Google releases Android 2.3 'Gingerbread' SDK

Google (NASDAQ:GOOG) issued its Android 2.3 mobile operating system update, which arrives via the new Nexus S smartphone, developed in collaboration with Samsung. According to Google, Android 2.3 is the fastest Android iteration to date, boasting a series of user interface refinements, a new keyboard and text selection tool and improved copy/paste functionality. "We'll be open-sourcing Gingerbread in the coming weeks and look forward to new contributions from the Android ecosystem in the months ahead," writes Google vice president of engineering Andy Rubin on The Official Google Blog.

Google also issued its Android 2.3 SDK/NDK, available for download here. Highlights of the new platform technologies and APIs include a concurrent garbage collector and improved event handling designed to improve overall responsiveness, particularly for mobile gaming. "We've also given developers native access to more parts of the system by exposing a broad set of native APIs," writes Android SDK Tech Lead Xavier Ducrochet on the Android Developers Blog. "From native code, applications can now access input and sensor events, EGL/OpenGL ES, OpenSL ES, and assets, as well a new framework for managing lifecycle and windows. For precise motion processing, developers can use several new sensor types, including gyroscope."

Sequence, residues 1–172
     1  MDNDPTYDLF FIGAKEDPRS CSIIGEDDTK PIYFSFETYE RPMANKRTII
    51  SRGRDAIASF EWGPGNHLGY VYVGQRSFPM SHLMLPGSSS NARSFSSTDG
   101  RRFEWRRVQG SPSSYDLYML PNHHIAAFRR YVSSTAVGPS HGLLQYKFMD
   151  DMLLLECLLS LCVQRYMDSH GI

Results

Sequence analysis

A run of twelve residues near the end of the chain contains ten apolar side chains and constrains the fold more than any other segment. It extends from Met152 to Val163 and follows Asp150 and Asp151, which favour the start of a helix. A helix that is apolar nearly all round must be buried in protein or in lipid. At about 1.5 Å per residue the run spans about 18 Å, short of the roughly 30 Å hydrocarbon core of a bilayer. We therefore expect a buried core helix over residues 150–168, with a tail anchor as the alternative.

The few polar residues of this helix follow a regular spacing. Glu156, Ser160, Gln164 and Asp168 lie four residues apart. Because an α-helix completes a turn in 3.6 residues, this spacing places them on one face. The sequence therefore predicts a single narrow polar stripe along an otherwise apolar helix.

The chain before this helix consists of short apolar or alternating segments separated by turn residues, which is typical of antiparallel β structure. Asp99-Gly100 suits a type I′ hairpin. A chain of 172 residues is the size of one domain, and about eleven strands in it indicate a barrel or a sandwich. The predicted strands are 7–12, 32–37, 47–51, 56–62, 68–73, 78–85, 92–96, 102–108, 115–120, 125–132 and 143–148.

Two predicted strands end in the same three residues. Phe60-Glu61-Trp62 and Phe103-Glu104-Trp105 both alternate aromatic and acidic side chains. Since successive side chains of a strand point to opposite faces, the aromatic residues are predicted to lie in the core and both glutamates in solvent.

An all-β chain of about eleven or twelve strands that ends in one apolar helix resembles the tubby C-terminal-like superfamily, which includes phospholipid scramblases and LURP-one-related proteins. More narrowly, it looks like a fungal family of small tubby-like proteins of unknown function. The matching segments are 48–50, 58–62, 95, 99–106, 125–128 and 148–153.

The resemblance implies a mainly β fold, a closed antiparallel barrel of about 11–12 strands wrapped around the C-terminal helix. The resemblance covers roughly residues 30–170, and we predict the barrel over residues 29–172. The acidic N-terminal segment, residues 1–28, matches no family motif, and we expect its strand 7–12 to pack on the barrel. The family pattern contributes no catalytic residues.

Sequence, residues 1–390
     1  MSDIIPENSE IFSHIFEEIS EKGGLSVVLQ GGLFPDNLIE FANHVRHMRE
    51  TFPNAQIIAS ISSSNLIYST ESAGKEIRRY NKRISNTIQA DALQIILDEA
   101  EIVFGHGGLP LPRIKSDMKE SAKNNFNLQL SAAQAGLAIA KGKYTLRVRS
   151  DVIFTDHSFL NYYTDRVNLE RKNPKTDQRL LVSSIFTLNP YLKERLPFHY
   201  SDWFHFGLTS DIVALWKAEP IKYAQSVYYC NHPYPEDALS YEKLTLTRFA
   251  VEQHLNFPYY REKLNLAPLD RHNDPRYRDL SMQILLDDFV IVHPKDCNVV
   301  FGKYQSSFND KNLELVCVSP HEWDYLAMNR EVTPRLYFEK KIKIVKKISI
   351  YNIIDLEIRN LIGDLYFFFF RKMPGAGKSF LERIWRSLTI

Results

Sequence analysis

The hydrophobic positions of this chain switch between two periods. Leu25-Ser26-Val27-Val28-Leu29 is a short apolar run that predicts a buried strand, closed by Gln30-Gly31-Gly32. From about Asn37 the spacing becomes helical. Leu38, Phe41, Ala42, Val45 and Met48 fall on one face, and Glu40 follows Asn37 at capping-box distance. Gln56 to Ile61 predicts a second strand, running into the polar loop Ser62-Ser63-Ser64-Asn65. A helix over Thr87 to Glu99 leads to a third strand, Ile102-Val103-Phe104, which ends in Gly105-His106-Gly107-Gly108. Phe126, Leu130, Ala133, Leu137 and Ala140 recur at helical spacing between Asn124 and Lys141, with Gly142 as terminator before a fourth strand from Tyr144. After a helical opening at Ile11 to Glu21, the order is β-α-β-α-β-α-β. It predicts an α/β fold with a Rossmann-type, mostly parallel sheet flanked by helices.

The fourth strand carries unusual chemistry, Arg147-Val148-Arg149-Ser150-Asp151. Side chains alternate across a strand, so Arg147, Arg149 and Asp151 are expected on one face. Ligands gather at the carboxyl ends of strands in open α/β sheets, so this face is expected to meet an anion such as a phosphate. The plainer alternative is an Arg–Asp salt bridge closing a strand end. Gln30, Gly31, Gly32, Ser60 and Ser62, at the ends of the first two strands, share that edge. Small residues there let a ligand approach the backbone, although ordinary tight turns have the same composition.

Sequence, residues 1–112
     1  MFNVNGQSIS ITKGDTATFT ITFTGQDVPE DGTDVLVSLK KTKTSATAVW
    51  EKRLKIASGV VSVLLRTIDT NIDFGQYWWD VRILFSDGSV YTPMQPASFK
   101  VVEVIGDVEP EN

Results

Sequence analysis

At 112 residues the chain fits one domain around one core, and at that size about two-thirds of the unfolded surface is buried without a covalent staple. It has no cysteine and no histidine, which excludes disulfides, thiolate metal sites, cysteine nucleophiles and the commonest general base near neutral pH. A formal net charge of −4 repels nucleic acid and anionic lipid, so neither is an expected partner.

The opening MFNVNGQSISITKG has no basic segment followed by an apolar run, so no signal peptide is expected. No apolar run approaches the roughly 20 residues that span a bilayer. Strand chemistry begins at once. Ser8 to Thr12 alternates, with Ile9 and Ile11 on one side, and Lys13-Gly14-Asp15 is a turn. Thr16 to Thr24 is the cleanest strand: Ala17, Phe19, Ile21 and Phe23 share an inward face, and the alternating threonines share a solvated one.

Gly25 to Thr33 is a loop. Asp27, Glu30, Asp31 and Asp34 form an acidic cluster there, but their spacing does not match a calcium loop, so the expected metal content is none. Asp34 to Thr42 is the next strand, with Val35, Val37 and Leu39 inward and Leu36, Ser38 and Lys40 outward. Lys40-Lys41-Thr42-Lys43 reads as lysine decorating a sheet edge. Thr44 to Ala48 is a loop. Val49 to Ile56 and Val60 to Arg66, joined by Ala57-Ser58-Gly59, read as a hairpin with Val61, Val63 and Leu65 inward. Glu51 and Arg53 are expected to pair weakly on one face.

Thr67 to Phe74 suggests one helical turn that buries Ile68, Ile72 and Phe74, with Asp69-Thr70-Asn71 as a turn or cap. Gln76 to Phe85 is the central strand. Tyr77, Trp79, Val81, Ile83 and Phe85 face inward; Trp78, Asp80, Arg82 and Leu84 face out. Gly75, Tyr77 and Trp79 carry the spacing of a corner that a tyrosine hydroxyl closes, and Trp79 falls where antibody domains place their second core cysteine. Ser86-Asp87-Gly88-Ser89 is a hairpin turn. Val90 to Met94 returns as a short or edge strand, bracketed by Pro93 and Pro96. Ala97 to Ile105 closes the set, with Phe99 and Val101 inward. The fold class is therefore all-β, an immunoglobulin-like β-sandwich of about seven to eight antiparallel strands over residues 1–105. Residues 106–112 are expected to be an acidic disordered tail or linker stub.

Also new in the Android 2.3 SDK: Rich multimedia enhancements, led by support for video formats VP8 and WebM. Gingerbread also supports AAC and AMR-wideband encoding and provides new audio effects like reverb, equalization, headphone virtualization and bass boost. Additional bells and whistles include support for front-facing cameras, SIP/VoIP and Near Field Communications.

Alongside the Android platform update, Google is releasing updates to the SDK Tools (r8), NDK, and ADT Plugin for Eclipse (8.0.0). Features include simplified debug builds, Integrated ProGuard support, HierarchyViewer improvements and a preview of a new UI Builder that enables developers to create layouts in ADT by dragging and dropping UI elements from contextual menus.

For more:
- read this Android Developers Blog entry

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